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Tuesday, 20 February 2018 11:24

FMLA Tax Credit 2018

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The Family and Medical Leave Act of 1993 (FMLA) provides employees of companies with 50 or more workers up to 12 weeks of protected unpaid leave annually for their own serious health condition, for the adoption or birth of a child or to care for a spouse, child, or parent who is ill. On December 22, 2017, the Tax Cuts and Jobs Act was signed into law, creating a federal tax credit for employers providing paid family and medical leave beginning in 2018 and ending at the end of 2019.


As stated in the tax act's Section 13403, Employer Credit for Paid Family and Medical Leave, eligible employers can claim a general business credit equal to a percentage of wages paid to qualifying employees on leave under the Family and Medical Leave Act (FMLA).  Here are the details:

  • To receive the credit, employers must provide at least two weeks of leave and compensate workers at a minimum of 50% of their regular earnings. The two weeks of paid leave cannot be provided as vacation, personal, medical, or sick leave. Until paid time off that may be applied against FMLA leave is exhausted, the credit will not apply.
  • The credit will range from 12.5% to 25% of the cost of each hour of paid leave, depending on how much of a worker's regular earnings the benefit replaces. The government will cover 12.5% of the benefit's costs if workers receive half of their regular earnings, rising incrementally up to 25% if workers receive their entire regular earnings.
  • Employers can only apply the credit toward workers who have been employed at the organization for at least a year and who were paid no more than $72,000 for 2017 (this wage ceiling will be adjusted for inflation going forward).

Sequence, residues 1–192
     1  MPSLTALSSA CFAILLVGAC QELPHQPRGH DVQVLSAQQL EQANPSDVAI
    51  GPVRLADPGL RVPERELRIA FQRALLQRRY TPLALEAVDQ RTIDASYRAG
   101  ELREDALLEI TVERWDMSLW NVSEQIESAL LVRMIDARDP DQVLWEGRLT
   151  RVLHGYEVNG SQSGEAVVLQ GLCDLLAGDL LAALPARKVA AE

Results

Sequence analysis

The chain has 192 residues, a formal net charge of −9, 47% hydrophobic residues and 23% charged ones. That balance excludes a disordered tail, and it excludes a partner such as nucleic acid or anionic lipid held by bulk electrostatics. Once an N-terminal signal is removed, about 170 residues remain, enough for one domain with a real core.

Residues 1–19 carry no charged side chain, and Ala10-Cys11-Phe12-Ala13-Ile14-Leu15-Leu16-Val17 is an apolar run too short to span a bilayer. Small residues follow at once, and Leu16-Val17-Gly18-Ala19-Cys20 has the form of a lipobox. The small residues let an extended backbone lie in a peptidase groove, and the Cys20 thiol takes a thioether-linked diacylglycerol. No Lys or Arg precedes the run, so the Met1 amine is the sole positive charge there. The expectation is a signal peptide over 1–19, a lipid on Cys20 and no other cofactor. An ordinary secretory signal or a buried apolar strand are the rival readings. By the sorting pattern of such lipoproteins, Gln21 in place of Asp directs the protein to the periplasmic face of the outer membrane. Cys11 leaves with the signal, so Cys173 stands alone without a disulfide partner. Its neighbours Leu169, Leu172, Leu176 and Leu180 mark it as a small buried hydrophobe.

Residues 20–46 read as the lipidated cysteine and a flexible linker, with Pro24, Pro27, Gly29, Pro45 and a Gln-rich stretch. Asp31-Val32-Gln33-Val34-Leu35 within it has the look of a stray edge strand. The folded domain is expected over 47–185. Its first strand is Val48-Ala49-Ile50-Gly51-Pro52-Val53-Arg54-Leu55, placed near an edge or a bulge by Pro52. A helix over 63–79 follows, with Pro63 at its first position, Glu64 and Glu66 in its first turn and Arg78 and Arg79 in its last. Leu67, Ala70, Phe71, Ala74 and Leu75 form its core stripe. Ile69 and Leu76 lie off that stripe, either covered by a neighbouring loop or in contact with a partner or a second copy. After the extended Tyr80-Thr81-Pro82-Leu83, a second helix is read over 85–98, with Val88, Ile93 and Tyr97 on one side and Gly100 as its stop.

• Both full-time and part-time workers, if employed at the organization for at least a year, must be offered paid leave for an employer to be able to claim the tax credit. Employers must allow part-time employees to take a commensurate amount of paid leave, determined on a pro-rated basis.
  • To be considered for the tax credit, the paid family and medical leave must be a separate, written provision in the employer's policies. Employers that provide paid family and medical leave for employees who aren't covered under FMLA also must include a non-retaliation provision in the policy, meaning that employees won't be penalized for taking paid leave.
  • The credit does not apply with respect to paid leave that is mandated under state or local law. If the paid FMLA time off is being provided in compliance with a state law that mandates paid medical or family leave, the credit is unavailable for that time off.

The IRS and the Treasury Department have yet to post official guidance regarding the credit. It may take a while to get the logistics in place for tracking who is eligible and for employers to calculate the potential tax credit. Now is a good time for employers to ensure they have the proper compliant written policies in place and review state and local leave legislation to ensure that there are no conflicts with the leave-credit program. 

If you have employees working in New York state, you should be aware of some recent changes to the New York state FMLA law.  Click here for more information.

Your Fall River Account Manager can assist with getting these policies in place. Contact us today!







Read 2747 times Last modified on Monday, 14 September 2020 16:09
Juliet Fitzgibbons

Juliet joins Fall River as an Account Executive and brings over 15 years of prior broker and account management experience. Her experience brings extensive knowledge on employee benefit programs, account management and creative cost-saving strategies and compliance solutions for employers of various sizes.

She is responsible for new business proposals, client renewals including plan benchmarking, rate analysis and mid-year reviews. She helps clients navigate healthcare systems and educates employers and employees through open enrollment meetings and day-to-day service requests. Juliet joined Fall River in 2015.